Bunkers above
Bunkers above

Those bunkers are among Barcelona’s lesser known secrets, and they looked intriguing.  It’s a toughish climb up there, but stop for breath, and your reward is increasingly dramatic views of the city spread far below you.

View part way up.
View part way up.
At the top, there are battered concrete remains: the bunkers that were built by Spanish Republican forces in 1937 in their efforts to defend the city.  Little could be done against the air power of the Nationalists.  The Republicans were under-resourced, and their best hope was to use this high vantage point as both a look-out,and a place from which to launch protective curtains of artillery fire.
Once peace was restored, the bunkers came into use once more: a chronic housing shortage in the city meant that right up until the 1990’s, the site developed into a shanty town, housing up to 600 residents, though the council resisted providing services such as water and refuse disposal until well into the 1980’s.  Remnants of this improvised town can still be seen in vestiges of tiled floors.
Now, you’re most likely to make the trek up here to get the very best views of the city: better than from Tibidabo.  It’s not the view those Republican forces saw.  From up here at La Rovira, you look down on a modern city: recent tower blocks dwarf the older buildings, though your attention will always be caught by the spires of la Sagrada Familia, still under construction.  A highly-recommended excursion.  Get yourselves there before everyone discovers it.

Climb down again: this is what you see.
Climb down again: this is what you see.

‘Trees are the earth’s endless effort to speak to the listening heaven’*

We’re in England.  We’ve been here nearly three weeks, and so busy catching up with Those Twins in Bolton and friends in Yorkshire that blogging has quite simply not been on my agenda.  But here we are in South Gloucestershire with daughter-in-law’s parents: there should be a name for this particularly satisfying relationship as it’s one we enjoy and appreciate.

On Friday they took us to Westonbirt Arboretum.  If you’re spending a few days round Bristol and Bath there’s no better place to recharge your batteries.  You could pass the morning in the Old Arboretum, a carefully designed landscape dating from the 1850’s.  There are something like two and a half thousand varieties of tree – 16,000 specimens in all,  from all over the world, planted according to ‘picturesque’ principles of the 18th and 19th centuries, offering beautiful vistas, enchanted glades and stately avenues.  After a light lunch in the on-site restaurant you could go on to explore the Silk Woods an ancient, semi-natural woodland, or the grassy meadows of the Downs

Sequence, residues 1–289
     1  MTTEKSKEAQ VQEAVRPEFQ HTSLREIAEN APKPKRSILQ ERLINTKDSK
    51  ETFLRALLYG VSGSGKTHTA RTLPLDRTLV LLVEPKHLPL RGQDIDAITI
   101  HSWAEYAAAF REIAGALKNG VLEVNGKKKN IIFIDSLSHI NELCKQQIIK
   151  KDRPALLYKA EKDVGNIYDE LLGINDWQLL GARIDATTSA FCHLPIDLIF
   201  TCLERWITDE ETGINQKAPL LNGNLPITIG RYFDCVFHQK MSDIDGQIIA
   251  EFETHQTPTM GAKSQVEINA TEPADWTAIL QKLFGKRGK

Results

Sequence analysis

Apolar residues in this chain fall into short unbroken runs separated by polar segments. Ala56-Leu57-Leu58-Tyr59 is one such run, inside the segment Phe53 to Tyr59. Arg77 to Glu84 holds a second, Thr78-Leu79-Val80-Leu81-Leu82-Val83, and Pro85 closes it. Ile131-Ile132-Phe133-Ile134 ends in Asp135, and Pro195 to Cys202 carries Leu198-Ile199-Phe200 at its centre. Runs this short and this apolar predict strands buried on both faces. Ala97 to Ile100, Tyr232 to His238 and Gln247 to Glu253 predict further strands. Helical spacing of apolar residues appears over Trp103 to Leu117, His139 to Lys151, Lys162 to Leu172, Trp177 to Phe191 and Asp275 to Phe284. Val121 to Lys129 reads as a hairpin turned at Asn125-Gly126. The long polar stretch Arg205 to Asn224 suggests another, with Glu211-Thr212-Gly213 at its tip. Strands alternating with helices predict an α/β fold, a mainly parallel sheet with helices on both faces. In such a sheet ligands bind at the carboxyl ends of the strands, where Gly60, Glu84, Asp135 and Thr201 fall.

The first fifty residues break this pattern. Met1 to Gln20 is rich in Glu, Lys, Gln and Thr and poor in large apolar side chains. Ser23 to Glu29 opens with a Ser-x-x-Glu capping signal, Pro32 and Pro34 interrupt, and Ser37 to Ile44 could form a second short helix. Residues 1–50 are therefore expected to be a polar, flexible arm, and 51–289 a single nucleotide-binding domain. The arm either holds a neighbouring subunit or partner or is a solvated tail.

It was Robert Holford who designed and encouraged the planting of the Arboretum, back in the mid 19th century.  This was a period when plant-hunters were bringing new and exotic species back from their world-wide travels. Holford was able to finance some of these expeditions, and the Arboretum contains many of the specimens his scientific adventurers brought back.

Truly, it’s a magical place.   We arrived, let out a collective sigh, and simply allowed  stress and worry to fall away.  Strolling about, we gazed upwards at trees whose end-of-summer leaves seemed to be fingering the clouds, into copses where we could glimpse others already turning to the ochres and russets of Autumn, and then closely at the trees themselves.  It was the bark that caught our attention close up.  Smooth and silvery, brown and knobbly, grey and wrinkled, the variety astonished us.  Take a look at these.  And if you get a chance to visit this Arboretum, at any time of year, then take it.

*Rabindrath Tagore